[Novelist Kenneth Roberts’ Correspondence With an Authority On Haitian History For His Novel Lydia Bailey.]. Kenneth Roberts, John H. Craige.
[Novelist Kenneth Roberts’ Correspondence With an Authority On Haitian History For His Novel Lydia Bailey.]
[Novelist Kenneth Roberts’ Correspondence With an Authority On Haitian History For His Novel Lydia Bailey.]
[Novelist Kenneth Roberts’ Correspondence With an Authority On Haitian History For His Novel Lydia Bailey.]
[Novelist Kenneth Roberts’ Correspondence With an Authority On Haitian History For His Novel Lydia Bailey.]
[Novelist Kenneth Roberts’ Correspondence With an Authority On Haitian History For His Novel Lydia Bailey.]
[Novelist Kenneth Roberts’ Correspondence With an Authority On Haitian History For His Novel Lydia Bailey.]

[Novelist Kenneth Roberts’ Correspondence With an Authority On Haitian History For His Novel Lydia Bailey.]

Philadelphia, Nassau, Bahamas, Kennebunkport, Maine: April 10, 1944–March 17, 1947. 5 letters 140mm x 215 to 215mm x 280, 11 pp. of typescript. 1 85 x 120mm b&w photo. 1 article from New Yorker, 1 p.

An engaging group of letters between the Pulitzer Prize-winning, Maine historical novelist and a former marine Captain stationed in Haiti turned author, concerning research for the former’s novel, Lydia Bailey.

Kenneth Lewis Roberts (1885–1957) of Kennebunk, Maine, was a renowned journalist and author of American historical fiction. His Lydia Bailey (1947), which these letters concern, is a novel set in the late 18th and early 19th centuries during the Haitian Revolution with action taking place in Haiti, France, and amongst the Barbary pirates. The book remained at the top of the list of The New York Times fiction best sellers of 1947 for twelve weeks, and in 1952 the novel was adapted into a Technicolor film by 20th Century Fox. John H. Craige was a former marine Captain who served in Haiti and would go on to write popular books on Haiti, including Black Bagdad (c. 1930s), which argued that the Hatians were inhumane and was apparently one of the first books to bring voodoo to the attention of the Western world. In this lively letter exchange Roberts writes to Craige in pursuit of information that pertains to his forthcoming novel.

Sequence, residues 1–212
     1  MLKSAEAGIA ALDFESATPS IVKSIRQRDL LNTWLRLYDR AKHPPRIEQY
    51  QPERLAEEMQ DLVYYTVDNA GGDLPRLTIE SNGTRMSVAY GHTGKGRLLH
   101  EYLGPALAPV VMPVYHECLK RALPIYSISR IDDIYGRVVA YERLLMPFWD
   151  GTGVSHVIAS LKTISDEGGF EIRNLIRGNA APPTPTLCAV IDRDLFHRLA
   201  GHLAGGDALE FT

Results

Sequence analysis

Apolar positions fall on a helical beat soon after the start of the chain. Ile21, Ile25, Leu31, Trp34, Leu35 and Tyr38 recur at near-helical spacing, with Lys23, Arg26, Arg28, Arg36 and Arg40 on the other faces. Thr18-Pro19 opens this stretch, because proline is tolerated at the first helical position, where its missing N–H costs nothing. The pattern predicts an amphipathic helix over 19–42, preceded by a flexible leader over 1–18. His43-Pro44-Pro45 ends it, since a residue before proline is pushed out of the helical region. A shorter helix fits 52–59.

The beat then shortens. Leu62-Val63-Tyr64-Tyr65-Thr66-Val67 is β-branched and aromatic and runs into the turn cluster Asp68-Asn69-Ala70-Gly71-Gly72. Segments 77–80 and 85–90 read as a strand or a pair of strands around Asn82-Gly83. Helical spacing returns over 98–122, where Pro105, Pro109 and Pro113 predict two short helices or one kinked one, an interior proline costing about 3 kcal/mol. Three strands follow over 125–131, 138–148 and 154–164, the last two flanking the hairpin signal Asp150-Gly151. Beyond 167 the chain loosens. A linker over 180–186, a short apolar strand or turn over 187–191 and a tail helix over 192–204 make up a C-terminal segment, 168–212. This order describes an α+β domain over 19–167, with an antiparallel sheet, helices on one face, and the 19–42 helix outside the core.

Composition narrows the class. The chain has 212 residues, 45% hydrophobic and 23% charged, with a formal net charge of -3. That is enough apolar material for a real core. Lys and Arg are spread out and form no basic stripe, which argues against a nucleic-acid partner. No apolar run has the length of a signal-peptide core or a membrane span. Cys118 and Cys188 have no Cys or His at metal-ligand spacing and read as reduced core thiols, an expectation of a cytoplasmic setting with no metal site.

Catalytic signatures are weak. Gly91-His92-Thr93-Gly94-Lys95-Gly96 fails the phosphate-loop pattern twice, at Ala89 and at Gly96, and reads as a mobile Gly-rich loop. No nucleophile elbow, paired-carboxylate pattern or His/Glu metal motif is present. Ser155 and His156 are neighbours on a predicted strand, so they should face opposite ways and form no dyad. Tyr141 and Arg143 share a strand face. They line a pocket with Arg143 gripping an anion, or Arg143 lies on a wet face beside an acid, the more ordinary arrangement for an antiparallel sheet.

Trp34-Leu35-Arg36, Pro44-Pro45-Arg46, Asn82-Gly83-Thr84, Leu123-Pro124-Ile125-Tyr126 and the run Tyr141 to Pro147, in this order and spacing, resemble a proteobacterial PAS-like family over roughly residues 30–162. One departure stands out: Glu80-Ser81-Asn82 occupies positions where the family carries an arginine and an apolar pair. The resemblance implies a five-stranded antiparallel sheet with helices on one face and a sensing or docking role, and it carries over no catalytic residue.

Roberts’ initial letter, dated April 10, 1944, begins: "I come to you for the information because your books on Haiti are miles ahead of anything else that has been written on that island, and because I think you're in a peculiarly excellent position to clear up for me a segment of Hatian history that I seem wholly unable to clear up by myself." In particular he wishes Craige would tell him, among other things, "why [the fort] Crete-a-Pierrot should have been so valuable to Toussaint." More questions follow. Referring to the published literature on Haiti, he notes, "I don't think the military details in any of them are worth a damn, but there's nothing else to go on."

In a letter dated April 14, 1944, Craige responds positively to Roberts and even commends his earlier works: "I have read your Northwest Passage [1937], and it was a grand job." Craige also remarks that he would be "peculiarly interested in reading your Oliver Wiswell [1940]." He tells Roberts he is “interested in your efforts to fathom the fable of Crete-a-Pierrot, for fable I believe it to be." Before launching into a detailed exposition of Haitian history and the subject of Crete-a-Pierrot, Craige explains that he "spent nearly four years in Haiti, starting with a pretty good knowledge of French and a solid groundwork of history. I cultivated a sound drinking acquaintance with the history of the French peres, and with some of them, did a good deal of digging into the history of the land."

On April 26, 1944, Roberts writes Craige again: "I'm reluctant to bother you further, but you know more about Haiti than anybody in this or any other country, and I don't want to go wrong if I can help it." He attaches a copy of his reference books on Haitian history for Craige to scrutinize. Writing on April 27, 1944, Craige affirms the contents of Roberts’ last letter: "I think you've got something in the theory that LeClerc’s people were after Dessalines when they attacked Crete a Pierrot." After briefly remarking on Haitian "old castles," which "had a fascination for Haitian guerrilla chiefs,” Craige launches again into an excursus on Haiti and its revolution. In the final letter dated March 17, 1947, and penned from Nassau, Bahamas, Roberts writes to Craige just after Lydia Bailey has been published—confiding in him, "A lot of the critics don’t get it, and it pleases me more than I can tell you to have you and Francis Rennell Rodd [1895–1978] get it."

[with]

1 photo with affixed typescript reading, "Captain John H. Craige, with his officers of the Police Department of Port au Prince, Haiti."

[with]

A New Yorker article on Craige entitled, "A Gentlemen with Two Cauliflower Ears."

A lively exchange concerning Haitian history relating to the Maine author’s historical novel Lydia Bailey.

REFERENCES: Sommers, Jeffrey. Race, Reality, and Realpolitik (London: Lexington Books, 2016), p. 82 (regarding Craige’s views on the Haitian people).

CONDITION: Very good.

Item #4462

Price: $675.00

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